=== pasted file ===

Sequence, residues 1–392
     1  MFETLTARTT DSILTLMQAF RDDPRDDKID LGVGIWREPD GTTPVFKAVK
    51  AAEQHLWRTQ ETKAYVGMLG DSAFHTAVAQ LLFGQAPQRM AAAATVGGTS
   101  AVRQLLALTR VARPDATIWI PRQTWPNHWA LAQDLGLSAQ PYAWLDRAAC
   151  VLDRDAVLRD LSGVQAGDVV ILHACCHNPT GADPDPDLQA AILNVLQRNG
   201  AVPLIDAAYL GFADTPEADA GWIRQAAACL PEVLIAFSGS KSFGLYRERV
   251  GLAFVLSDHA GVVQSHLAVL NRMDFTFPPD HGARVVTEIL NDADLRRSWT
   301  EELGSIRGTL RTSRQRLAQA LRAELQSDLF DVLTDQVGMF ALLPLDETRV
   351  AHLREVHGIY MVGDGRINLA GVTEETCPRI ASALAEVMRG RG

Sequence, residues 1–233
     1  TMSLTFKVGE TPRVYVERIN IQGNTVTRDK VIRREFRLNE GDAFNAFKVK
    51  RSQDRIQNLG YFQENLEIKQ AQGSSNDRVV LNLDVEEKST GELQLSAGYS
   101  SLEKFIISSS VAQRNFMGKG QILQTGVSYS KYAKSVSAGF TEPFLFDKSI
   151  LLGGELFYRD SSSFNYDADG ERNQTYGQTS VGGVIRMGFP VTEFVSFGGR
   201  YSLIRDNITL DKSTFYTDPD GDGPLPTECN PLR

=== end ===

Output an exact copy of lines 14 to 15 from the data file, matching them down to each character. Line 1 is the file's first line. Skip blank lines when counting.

   151  LLGGELFYRD SSSFNYDADG ERNQTYGQTS VGGVIRMGFP VTEFVSFGGR
   201  YSLIRDNITL DKSTFYTDPD GDGPLPTECN PLR